A good education can be the key to unlocking the American Dream. But absent a good education, our nation’s founding promise — that all men are created equal and endowed with an unalienable right to the pursuit of happiness — rings hollow. Sadly, Nevada’s public education system is not providing its students with anything remotely resembling a “good” education right now.
According to the Annie E. Casey Foundation’s 2016 “Kids Count” report, Nevada’s public education system ranks 49th out of the 50 states. In the prior four years, Nevada ranked dead last. And following that report, the state Department of Education released composite ACT test scores showing that fewer than one in 10 high school juniors in Clark County is college ready.
Nevada’s public education system traps students in poor-performing schools based on their ZIP code and thus perpetuates a cycle of poverty from one generation to the next. But the past does not have to predict the future.
In 2015, Nevada’s Legislature and governor took bold steps in a serious effort to improve the state’s education system. The centerpiece of those reforms is educational choice; specifically, Nevada’s Education Savings Account Program.
The ESA program makes every Nevada student who was enrolled in a public school for at least 100 days of the prior school year eligible to withdraw from public school and instead receive approximately $5,000, deposited in a parent-controlled account. ESA funds can then be spent on a wide variety of educational goods and services, such as private school tuition, tutoring, curriculum for home and self-study, distance learning and special education therapies.
Nevada’s ESA program is modeled off of a similar program in Arizona. Nearly 20 years ago, Arizona made educational choice a pillar of its education reform efforts with the adoption of a robust charter school law, two scholarship tuition tax-credit programs that help families pay for private school tuition, and ultimately an ESA program that allows families to individually tailor their children’s educational program.
And what does Arizona have to show for it? In 2015, Arizona led the nation in academic gains on the Nation’s Report Card on K-12 academic progress. The Grand Canyon State’s eighth-graders ranked third in reading progress and first in mathematics progress. No other state rivaled those gains.
Will Nevada reap similar rewards by embracing parental choice in education? Not if the ACLU of Nevada or Educate Nevada Now has anything to say about it. Both groups filed lawsuits asking the courts to declare the ESA program unconstitutional.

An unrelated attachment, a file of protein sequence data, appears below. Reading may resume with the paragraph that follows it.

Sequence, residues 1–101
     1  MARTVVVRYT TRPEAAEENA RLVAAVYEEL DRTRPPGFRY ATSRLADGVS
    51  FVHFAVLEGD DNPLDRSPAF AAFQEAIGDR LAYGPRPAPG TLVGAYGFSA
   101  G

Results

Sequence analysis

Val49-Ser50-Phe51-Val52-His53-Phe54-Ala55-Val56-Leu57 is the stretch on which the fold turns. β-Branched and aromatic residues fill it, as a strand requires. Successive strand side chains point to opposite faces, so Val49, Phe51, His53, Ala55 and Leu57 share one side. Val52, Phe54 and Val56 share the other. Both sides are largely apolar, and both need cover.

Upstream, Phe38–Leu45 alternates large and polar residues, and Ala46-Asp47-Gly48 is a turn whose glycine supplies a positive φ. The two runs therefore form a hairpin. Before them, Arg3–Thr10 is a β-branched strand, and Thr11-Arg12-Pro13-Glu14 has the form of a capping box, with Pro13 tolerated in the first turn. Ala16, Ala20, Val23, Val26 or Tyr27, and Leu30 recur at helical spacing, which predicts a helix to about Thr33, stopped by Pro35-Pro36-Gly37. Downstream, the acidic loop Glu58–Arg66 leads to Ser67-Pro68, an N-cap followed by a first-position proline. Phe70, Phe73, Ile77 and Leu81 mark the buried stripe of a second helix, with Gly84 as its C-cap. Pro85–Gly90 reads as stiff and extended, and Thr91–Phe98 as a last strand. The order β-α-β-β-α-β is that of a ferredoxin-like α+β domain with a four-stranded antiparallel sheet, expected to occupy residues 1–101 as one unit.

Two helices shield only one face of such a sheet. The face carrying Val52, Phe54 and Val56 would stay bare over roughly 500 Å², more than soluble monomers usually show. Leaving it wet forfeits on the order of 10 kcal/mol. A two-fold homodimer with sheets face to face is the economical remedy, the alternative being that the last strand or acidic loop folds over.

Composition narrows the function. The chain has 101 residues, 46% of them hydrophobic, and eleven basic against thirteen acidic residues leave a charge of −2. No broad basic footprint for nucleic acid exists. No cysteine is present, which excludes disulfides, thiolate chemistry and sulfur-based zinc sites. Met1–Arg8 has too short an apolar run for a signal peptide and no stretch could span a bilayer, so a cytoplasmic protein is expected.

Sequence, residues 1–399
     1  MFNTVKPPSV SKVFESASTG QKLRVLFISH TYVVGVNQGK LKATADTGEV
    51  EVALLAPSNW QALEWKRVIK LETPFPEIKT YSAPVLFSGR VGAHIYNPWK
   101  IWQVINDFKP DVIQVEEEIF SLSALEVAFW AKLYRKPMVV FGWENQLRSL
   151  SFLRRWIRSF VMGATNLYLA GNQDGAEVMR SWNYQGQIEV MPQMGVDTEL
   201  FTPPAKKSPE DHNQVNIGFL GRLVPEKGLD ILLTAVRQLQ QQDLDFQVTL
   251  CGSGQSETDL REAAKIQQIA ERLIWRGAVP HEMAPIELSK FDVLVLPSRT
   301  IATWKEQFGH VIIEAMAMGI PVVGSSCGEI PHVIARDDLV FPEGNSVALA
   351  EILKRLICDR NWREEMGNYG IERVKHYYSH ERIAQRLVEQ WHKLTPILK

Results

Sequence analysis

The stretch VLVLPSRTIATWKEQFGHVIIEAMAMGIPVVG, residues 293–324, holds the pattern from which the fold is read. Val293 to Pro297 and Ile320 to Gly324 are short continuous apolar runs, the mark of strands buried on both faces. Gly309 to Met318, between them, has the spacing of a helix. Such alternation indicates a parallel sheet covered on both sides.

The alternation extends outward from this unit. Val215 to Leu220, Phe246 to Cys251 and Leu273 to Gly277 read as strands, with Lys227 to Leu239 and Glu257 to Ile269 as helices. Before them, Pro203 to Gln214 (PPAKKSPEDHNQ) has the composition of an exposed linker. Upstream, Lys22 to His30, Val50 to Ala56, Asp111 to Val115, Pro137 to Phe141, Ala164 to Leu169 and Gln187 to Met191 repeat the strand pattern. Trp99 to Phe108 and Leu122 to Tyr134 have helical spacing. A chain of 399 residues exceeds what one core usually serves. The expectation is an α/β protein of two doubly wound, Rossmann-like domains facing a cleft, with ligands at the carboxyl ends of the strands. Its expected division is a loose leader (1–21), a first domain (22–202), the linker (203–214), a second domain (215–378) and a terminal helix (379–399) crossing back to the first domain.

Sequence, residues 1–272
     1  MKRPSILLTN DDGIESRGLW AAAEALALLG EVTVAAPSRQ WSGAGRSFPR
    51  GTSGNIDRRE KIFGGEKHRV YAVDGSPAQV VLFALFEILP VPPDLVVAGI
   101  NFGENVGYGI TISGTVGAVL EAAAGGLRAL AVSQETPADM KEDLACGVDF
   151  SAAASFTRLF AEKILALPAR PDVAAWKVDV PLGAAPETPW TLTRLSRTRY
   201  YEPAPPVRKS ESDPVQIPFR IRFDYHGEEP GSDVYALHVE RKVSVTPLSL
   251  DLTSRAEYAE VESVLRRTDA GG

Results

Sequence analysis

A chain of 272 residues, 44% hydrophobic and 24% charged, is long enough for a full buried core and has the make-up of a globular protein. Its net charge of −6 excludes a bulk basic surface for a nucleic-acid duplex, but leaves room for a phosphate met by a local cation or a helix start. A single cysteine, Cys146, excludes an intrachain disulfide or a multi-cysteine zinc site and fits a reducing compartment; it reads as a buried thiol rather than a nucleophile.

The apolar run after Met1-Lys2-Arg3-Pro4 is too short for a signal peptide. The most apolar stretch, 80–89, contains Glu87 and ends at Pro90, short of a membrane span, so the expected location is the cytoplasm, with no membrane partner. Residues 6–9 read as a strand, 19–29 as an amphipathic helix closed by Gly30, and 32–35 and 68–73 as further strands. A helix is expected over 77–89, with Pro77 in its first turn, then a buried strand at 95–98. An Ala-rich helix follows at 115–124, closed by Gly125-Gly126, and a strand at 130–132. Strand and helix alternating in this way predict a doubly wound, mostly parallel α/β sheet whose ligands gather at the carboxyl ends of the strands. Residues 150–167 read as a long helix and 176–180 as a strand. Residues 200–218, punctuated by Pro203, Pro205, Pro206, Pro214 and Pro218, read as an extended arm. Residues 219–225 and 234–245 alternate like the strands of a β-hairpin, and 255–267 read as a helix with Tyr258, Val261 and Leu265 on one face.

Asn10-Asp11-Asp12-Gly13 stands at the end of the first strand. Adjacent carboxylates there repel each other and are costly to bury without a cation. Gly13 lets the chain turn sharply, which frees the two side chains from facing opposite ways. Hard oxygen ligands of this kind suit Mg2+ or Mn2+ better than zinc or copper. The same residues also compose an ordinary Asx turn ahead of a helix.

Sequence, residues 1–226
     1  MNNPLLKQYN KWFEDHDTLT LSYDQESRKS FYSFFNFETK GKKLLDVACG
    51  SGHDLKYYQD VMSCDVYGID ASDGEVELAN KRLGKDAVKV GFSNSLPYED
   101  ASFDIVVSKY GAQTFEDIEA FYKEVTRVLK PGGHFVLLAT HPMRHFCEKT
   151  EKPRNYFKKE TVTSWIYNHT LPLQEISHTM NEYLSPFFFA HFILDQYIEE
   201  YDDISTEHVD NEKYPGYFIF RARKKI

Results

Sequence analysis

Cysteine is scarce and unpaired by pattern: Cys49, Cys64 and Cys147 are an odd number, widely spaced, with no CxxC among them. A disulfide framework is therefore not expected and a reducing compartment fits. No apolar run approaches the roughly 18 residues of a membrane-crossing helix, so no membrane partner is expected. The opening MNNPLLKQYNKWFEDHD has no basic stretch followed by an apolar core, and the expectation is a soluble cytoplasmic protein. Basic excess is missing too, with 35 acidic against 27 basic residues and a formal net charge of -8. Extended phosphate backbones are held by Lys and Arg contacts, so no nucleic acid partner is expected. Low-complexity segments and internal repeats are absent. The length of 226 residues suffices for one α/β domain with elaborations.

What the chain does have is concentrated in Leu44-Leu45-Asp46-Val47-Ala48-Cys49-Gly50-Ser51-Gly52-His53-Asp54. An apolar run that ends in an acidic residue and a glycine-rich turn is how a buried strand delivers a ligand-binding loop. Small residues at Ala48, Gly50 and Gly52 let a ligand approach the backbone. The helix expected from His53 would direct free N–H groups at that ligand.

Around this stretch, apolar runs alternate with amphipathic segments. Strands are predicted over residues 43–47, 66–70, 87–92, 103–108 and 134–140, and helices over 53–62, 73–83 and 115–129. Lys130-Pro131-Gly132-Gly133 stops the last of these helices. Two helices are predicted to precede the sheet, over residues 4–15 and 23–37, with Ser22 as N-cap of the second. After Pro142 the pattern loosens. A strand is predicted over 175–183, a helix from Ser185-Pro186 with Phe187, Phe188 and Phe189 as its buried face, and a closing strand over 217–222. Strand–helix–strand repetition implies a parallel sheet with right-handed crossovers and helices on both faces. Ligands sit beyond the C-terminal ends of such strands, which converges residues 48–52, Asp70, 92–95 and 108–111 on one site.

The ACLU focuses its arguments on the fact that parents are allowed to use their students’ ESA funds to pay for tuition at religious schools. It claims this is a violation of the Nevada Constitution’s prohibition on public funds being used “for sectarian purpose.” Both the ACLU and ENN assert that the state Constitution’s requirement that the Legislature provide for a uniform system of public schools prohibits lawmakers from offering families additional educational options.
But those who stand to benefit the most from the ESA program — parents and students who have found that the public education system’s one-size-fits-all approach does not work for them — argue that the ESA program serves educational, not sectarian, purposes and that prohibiting families from using their ESA funds at religious schools would amount to unconstitutional discrimination against religion.
Nothing in Nevada’s Constitution suggests the framers intended to constrain the Legislature’s ability to adopt sensible reforms. Rather, the Constitution encourages the Legislature to promote education “by all suitable means.”
The Nevada Supreme Court will hear arguments in both cases on Friday. Fittingly, July 29 is Milton Friedman Legacy Day. Friedman was one of the nation’s pre-eminent proponents of educational choice programs. He dedicated his life to making the American Dream a reality for all people.
The Nevada Supreme Court has a historic opportunity to ensure that Nevada parents will be free to choose how and where their children are educated.
Tim Keller is a senior attorney at the Institute for Justice. He represents five families who are defending Nevada’s ESA program before the Nevada Supreme Court.